Tom Schade is musing on the idea, projected by outgoing UUA moderator Gini Courter, of a fifty-year vision for the UUA. Frankly, I can't think of anything more oppressive. Well, perhaps a hundred-year vision.
Today's my birthday, and so I can't help but first thinking a 50-year vision would outlive me. And it would push young people into retirement. Is there anything about our internal self-conception of Unitarian Universalism, the role of the independent sector, the influence of religion, theories of change or organizational theory that is likely to make sense twenty years from now, much less fifty?
Even the desire simply to exist may be out of our hands. We often confess that goals and plans change; why not our goals and dreams? (The final stanza of "Rank by Rank" notwithstanding.) Or do we think this generation is as good as it gets? And that the identified leadership is as good as it gets?
Some years ago, I quoted Jane Jacobs on her view of a particular town planner. The words applies here:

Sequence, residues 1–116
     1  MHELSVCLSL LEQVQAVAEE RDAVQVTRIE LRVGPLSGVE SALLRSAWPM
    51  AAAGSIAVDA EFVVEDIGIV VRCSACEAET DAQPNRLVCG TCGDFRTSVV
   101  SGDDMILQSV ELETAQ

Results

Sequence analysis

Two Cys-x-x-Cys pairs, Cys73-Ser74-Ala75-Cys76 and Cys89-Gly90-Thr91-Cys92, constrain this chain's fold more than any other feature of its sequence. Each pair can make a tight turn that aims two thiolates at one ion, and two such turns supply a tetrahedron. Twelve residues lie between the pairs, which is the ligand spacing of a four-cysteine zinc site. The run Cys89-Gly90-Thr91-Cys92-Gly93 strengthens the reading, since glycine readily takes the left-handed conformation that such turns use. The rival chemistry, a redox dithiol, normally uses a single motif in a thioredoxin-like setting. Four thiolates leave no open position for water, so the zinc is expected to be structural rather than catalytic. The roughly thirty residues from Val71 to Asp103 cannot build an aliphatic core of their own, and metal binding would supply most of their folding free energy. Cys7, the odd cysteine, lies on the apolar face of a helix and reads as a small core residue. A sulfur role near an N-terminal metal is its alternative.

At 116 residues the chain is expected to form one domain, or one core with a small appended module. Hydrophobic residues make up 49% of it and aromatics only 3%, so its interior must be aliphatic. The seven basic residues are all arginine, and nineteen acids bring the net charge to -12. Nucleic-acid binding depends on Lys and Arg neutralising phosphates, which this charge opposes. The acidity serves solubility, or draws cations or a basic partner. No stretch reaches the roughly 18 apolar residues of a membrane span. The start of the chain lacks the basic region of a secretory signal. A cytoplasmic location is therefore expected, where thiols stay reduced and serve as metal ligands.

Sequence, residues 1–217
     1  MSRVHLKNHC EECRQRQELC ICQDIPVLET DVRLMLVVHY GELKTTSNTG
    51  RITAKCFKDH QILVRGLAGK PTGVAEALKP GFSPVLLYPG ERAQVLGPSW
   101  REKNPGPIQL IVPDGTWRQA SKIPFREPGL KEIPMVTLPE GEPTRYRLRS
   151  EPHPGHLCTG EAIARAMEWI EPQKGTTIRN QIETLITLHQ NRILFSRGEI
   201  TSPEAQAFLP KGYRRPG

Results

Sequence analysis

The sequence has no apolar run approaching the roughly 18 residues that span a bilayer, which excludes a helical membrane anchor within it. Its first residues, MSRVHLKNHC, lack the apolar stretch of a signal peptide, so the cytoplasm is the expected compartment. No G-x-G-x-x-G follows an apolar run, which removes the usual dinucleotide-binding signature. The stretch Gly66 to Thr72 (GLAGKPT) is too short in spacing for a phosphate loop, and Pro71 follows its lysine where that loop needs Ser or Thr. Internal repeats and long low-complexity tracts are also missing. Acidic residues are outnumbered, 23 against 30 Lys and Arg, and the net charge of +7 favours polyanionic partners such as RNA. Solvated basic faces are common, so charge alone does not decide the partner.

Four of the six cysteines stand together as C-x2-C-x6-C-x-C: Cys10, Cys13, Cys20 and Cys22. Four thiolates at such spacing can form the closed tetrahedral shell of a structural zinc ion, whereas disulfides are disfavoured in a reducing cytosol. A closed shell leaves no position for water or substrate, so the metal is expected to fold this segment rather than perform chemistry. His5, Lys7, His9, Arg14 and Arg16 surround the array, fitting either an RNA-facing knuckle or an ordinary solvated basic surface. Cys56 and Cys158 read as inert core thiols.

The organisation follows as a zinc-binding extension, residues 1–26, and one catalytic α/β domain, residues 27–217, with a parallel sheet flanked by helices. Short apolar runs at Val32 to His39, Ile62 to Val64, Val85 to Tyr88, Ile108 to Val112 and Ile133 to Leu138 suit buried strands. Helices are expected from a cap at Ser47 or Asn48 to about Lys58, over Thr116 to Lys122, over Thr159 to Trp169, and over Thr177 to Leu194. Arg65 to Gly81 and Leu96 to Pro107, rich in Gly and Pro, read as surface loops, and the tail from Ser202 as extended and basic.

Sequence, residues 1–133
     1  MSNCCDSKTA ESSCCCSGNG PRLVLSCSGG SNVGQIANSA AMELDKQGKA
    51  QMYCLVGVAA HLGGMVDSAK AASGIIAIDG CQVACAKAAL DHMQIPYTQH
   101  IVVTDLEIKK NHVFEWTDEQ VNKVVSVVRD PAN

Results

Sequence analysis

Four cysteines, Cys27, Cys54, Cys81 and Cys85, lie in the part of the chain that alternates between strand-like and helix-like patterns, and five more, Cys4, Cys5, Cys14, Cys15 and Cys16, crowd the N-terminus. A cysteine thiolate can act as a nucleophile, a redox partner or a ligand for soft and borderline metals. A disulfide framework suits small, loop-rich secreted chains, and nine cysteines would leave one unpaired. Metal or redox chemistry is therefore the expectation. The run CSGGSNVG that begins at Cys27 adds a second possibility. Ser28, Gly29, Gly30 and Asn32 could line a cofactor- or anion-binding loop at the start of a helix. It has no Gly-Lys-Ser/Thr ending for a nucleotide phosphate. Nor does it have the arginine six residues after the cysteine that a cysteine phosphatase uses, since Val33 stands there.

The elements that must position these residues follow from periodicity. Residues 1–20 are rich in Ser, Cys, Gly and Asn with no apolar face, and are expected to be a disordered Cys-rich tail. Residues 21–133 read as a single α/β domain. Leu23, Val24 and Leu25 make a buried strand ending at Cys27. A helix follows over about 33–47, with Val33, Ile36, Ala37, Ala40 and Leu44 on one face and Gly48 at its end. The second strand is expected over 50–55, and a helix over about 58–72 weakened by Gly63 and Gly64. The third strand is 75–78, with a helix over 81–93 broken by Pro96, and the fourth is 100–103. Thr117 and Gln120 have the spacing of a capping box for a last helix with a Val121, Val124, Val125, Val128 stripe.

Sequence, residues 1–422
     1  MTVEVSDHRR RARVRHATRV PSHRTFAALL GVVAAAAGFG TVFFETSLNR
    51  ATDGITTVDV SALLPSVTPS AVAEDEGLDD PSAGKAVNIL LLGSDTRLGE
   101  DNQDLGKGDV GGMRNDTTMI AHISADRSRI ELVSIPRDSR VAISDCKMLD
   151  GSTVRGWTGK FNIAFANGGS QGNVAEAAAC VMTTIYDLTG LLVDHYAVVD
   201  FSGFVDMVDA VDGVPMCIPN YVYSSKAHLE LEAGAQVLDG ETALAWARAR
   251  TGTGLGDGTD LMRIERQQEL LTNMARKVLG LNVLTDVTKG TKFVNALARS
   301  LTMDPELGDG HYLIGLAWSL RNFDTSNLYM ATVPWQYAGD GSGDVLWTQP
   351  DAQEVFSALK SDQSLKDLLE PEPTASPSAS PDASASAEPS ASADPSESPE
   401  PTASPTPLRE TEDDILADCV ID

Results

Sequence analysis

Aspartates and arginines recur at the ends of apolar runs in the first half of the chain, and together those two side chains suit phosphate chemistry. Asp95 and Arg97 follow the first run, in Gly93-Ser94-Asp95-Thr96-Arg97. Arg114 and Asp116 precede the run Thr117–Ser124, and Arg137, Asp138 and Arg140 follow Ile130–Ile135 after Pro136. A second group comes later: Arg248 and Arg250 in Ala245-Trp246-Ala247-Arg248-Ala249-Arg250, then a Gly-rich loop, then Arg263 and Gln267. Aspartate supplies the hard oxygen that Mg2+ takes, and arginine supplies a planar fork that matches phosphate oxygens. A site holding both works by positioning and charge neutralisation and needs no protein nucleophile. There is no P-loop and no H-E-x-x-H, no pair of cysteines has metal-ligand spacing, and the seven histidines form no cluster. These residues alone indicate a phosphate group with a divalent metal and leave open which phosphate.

His aim was the creation of self-sufficient small towns, really nice small towns if you were docile and had no plans of your own and did not mind spending your life among others with no plans of their own. As in all Utopias, the right to have plans of any significance belonged only to the planners in charge.
No single vision will work; it puts bottlenecks our imagination and demands a level of conformity ill fitting a free people. Consider this: perhaps one reason so many Unitarian Universalist Association initiatives fall flat is they are too monolithic. Take it or leave it, and the body leaves it. If this is true, no centrally-cast vision of any duration will prosper.